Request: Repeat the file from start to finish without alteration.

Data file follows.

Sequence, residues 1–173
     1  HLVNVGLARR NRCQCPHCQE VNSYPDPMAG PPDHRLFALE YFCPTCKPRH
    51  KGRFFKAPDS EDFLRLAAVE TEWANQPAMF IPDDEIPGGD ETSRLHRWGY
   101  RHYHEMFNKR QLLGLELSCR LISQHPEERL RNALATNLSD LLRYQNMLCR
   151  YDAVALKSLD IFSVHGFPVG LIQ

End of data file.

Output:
Sequence, residues 1–173
     1  HLVNVGLARR NRCQCPHCQE VNSYPDPMAG PPDHRLFALE YFCPTCKPRH
    51  KGRFFKAPDS EDFLRLAAVE TEWANQPAMF IPDDEIPGGD ETSRLHRWGY
   101  RHYHEMFNKR QLLGLELSCR LISQHPEERL RNALATNLSD LLRYQNMLCR
   151  YDAVALKSLD IFSVHGFPVG LIQ